mn passengers travel daily; about 550,000 have reserved
accommodations

Two and a half years and a million lines of code later, a mission critical
software for networking the PRS-Countrywide Networking Computerized Enhanced
Reservation and Ticketing (CONCERT)-was deployed in Secundrabad. On Sept 9,
1996, a two-way handshake between Secundrabad and Delhi, set the ball rolling
for the one-window ticketing system which the nation enjoys today. The most
difficult part was the migration of the 60-day advance booking records (9 lakh
records) from the old system to the new. Finally, on April 18, 1999, with the
networking of Chennai PRS and all-major metropolitan cities and Secundrabad
completed, the ‘anywhere to anywhere’ reserved ticketing has become a
possibility on any PRS booking terminal.

The IRCTC angle
In 2000, when the Web wave came in a big way, CRIS developed and deployed
the Indian Railway’s Web site www.indianrail.gov.in.
On February 28, 2000, all common enquiries like trains between a given pair of
stations, reservation availability, PNR status, fares, train schedules and
station codes were made available to the common public through the Internet.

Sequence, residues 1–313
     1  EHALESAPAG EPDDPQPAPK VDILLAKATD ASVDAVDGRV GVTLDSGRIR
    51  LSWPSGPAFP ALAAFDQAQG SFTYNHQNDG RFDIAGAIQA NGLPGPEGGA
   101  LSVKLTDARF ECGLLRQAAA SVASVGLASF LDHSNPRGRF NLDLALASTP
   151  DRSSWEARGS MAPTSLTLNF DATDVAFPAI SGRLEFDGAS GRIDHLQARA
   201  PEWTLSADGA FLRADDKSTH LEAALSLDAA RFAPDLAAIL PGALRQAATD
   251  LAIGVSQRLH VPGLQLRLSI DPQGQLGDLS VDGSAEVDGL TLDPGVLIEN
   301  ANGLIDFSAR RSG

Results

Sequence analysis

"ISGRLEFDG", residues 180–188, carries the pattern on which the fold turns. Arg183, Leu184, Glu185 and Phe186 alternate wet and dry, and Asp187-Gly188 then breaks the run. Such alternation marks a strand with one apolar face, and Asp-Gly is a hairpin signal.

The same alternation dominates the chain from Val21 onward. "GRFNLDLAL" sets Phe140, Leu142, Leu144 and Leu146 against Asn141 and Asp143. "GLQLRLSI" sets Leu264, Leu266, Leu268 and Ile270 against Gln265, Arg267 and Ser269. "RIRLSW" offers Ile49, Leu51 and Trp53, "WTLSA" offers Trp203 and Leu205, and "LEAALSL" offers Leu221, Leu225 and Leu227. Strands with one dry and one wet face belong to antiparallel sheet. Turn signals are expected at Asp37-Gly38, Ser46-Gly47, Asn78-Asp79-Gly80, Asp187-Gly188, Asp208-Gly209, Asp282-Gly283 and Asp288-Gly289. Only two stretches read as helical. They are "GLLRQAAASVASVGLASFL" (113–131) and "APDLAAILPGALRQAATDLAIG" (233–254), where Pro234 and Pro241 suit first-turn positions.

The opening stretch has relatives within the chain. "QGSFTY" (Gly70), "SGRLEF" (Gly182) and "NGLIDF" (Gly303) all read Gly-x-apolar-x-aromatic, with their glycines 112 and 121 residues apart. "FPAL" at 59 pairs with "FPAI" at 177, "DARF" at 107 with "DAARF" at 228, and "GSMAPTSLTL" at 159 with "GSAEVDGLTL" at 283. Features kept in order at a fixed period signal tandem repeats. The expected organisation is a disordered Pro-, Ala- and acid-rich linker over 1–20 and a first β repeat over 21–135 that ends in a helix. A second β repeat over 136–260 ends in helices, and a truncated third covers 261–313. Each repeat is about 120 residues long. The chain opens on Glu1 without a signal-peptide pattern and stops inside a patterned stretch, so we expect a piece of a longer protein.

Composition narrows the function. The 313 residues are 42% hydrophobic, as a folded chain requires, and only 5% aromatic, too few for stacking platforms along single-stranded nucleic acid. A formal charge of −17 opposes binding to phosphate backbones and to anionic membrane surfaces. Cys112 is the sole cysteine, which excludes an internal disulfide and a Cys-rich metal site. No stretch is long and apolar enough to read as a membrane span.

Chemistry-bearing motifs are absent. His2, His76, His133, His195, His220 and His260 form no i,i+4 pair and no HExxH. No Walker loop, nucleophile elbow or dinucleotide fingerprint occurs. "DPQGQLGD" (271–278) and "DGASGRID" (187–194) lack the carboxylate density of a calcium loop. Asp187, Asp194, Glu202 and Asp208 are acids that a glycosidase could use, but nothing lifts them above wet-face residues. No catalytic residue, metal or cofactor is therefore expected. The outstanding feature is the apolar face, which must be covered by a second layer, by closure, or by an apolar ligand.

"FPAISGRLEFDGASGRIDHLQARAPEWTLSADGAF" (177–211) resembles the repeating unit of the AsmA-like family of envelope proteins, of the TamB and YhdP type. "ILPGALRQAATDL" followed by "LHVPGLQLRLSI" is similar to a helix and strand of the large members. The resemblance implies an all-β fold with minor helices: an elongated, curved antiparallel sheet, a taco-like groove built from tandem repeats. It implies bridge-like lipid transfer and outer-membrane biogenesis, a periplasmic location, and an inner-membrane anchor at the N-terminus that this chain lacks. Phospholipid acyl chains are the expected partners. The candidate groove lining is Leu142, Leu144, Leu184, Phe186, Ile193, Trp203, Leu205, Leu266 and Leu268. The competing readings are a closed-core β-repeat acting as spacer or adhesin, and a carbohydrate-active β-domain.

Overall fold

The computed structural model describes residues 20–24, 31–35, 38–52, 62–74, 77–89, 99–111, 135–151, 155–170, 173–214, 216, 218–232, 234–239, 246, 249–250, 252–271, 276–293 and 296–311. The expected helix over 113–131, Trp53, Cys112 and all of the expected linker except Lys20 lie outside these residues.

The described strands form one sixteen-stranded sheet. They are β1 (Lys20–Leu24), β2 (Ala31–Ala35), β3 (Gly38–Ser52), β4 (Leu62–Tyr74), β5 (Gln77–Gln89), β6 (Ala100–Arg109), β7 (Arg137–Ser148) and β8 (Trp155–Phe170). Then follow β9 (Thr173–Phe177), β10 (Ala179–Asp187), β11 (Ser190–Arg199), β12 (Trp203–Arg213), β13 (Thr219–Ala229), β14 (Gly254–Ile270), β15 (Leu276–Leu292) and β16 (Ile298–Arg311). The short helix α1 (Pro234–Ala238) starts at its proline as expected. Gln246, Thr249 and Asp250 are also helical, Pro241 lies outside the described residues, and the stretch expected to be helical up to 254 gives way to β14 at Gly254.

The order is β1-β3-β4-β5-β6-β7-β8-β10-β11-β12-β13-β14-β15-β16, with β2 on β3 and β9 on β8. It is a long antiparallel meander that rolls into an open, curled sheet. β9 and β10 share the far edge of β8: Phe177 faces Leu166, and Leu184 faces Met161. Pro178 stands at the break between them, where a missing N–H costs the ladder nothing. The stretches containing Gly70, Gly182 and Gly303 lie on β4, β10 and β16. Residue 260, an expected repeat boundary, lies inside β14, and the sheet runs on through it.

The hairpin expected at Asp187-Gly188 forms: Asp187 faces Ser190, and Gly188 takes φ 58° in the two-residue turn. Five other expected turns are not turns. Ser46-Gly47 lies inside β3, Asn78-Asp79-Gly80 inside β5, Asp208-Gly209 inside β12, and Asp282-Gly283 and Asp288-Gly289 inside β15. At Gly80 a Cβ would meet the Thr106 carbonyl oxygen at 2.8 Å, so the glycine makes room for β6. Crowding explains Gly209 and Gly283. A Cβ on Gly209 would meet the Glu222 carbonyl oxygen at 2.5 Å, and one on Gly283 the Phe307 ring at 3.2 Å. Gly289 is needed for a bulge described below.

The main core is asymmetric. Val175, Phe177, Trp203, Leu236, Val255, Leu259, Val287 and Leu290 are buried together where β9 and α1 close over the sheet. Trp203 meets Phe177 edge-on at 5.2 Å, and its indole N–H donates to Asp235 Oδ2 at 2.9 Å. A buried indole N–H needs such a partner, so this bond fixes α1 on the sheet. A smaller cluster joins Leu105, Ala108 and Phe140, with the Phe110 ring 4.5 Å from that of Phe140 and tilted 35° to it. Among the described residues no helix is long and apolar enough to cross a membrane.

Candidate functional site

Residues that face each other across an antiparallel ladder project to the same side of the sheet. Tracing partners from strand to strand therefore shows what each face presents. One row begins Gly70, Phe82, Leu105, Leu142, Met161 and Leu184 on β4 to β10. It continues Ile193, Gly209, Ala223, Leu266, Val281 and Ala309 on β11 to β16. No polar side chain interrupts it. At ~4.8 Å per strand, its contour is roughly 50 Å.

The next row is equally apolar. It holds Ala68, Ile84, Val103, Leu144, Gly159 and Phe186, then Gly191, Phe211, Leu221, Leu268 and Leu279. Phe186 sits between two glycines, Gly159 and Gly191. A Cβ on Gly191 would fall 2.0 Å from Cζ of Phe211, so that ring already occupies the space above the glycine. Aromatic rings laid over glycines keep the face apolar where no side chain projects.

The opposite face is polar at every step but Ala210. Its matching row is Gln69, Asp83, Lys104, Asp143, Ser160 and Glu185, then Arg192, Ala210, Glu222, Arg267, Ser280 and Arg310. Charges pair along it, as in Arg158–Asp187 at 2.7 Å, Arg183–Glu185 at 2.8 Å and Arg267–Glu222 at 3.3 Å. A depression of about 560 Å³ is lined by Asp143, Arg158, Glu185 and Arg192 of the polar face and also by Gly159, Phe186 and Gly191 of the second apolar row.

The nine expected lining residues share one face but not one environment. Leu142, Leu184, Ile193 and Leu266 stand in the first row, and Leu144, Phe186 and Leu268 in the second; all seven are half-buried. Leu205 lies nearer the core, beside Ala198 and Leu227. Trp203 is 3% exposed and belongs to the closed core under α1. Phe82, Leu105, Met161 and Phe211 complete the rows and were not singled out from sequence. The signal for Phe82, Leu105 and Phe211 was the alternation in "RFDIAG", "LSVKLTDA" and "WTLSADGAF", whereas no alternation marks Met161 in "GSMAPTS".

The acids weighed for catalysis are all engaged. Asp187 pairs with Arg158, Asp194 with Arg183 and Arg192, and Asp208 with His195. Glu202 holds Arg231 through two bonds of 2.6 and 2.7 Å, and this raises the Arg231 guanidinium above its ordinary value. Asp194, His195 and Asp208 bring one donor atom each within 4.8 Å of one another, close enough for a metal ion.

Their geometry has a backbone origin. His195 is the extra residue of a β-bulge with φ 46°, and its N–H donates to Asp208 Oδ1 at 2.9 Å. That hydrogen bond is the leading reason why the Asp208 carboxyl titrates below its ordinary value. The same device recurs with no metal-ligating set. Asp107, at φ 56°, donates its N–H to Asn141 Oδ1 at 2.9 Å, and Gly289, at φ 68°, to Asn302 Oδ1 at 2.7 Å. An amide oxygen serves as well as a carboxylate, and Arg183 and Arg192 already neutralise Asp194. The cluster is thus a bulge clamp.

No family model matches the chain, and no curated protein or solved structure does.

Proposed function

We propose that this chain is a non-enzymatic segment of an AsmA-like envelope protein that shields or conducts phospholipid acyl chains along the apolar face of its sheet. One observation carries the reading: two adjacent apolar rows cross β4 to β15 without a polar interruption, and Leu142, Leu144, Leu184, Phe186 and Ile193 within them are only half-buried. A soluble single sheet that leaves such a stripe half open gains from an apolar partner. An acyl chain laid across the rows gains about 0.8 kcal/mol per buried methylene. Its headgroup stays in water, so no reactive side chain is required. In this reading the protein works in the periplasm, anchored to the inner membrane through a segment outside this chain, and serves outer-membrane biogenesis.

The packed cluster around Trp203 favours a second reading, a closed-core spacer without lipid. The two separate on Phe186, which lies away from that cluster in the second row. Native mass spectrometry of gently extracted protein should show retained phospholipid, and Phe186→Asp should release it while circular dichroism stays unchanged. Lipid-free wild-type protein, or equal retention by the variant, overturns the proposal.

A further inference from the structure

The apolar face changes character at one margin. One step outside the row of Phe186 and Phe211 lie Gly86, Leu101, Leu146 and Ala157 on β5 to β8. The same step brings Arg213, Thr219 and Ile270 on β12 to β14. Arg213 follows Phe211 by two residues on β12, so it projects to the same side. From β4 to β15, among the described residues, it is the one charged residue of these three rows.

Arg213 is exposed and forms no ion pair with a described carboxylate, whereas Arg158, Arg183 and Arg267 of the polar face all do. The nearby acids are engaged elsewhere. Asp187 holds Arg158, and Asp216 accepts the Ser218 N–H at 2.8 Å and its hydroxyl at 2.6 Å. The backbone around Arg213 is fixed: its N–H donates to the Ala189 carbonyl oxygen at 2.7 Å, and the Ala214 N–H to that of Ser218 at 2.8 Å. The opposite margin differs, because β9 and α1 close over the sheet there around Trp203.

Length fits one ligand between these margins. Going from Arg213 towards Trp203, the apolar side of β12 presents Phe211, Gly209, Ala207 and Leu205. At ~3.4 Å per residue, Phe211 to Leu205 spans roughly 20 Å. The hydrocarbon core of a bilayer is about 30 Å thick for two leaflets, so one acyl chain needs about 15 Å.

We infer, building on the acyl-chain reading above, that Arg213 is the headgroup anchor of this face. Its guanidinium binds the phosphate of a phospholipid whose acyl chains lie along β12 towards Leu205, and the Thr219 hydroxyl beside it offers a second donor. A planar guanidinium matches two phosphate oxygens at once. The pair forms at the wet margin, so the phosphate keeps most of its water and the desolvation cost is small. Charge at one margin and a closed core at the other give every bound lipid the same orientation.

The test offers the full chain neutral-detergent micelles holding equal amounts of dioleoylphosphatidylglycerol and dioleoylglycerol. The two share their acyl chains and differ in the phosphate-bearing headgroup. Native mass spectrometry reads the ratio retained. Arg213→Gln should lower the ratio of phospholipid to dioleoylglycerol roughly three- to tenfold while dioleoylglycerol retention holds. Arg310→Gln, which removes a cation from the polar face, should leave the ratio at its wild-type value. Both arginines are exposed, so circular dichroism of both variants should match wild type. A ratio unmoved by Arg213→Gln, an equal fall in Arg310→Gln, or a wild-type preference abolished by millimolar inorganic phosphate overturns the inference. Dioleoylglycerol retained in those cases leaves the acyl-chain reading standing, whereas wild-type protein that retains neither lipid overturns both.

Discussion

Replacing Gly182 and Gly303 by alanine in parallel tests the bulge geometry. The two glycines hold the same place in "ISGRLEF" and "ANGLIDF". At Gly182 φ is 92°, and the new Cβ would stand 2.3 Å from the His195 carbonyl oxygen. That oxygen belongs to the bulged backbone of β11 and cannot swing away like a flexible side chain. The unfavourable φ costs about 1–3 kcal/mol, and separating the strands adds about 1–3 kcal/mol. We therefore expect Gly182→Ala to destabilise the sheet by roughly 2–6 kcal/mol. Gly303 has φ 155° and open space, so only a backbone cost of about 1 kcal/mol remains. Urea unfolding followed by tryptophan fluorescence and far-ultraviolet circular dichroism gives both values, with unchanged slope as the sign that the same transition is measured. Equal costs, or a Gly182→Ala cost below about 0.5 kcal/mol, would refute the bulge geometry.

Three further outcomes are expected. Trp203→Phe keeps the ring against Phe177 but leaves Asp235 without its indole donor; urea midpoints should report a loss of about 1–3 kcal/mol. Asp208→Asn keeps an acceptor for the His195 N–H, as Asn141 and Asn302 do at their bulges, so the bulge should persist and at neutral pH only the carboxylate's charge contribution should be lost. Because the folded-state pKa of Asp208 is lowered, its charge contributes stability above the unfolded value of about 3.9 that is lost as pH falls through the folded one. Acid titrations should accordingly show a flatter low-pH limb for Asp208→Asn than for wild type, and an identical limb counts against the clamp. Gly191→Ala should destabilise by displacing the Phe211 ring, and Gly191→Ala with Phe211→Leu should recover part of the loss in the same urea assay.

Shashi Bhushan Roy, group GM, PRS remarks, "Within a very short span of
time this site has become one of the most popular Web sites in India, with daily
hits to the order of 40 lakh. Our new sites www.trainenquiry.co.in
and www.indianrail.gov.in are both
hosted by CRIS and are updated every half an hour."

In 1994, we decided that the earlier used Passenger Reservation System had to be rewritten for a distributed work environment which would exploit the client server paradigm” 

Rajesh Narang, chief systems manager, PRS

The IRCTC system was developed on the BroadVision suite of e-commerce
platform. According to Narang, "The futuristic vision with which PRS was
built used a scalable bus architecture that allowed us to build a Web layer
around it. We had to define virtual terminals to ensure necessary accounting
between the Internet user and the railway reservation system." IRCTC passes
the booking details to CRIS, which, then, on the basis of virtual terminals,
decides the point of transaction after which the packet IDs are forwarded to one
of the five booking zones.

"The CRIS and IRCTC sites are banded together to make the full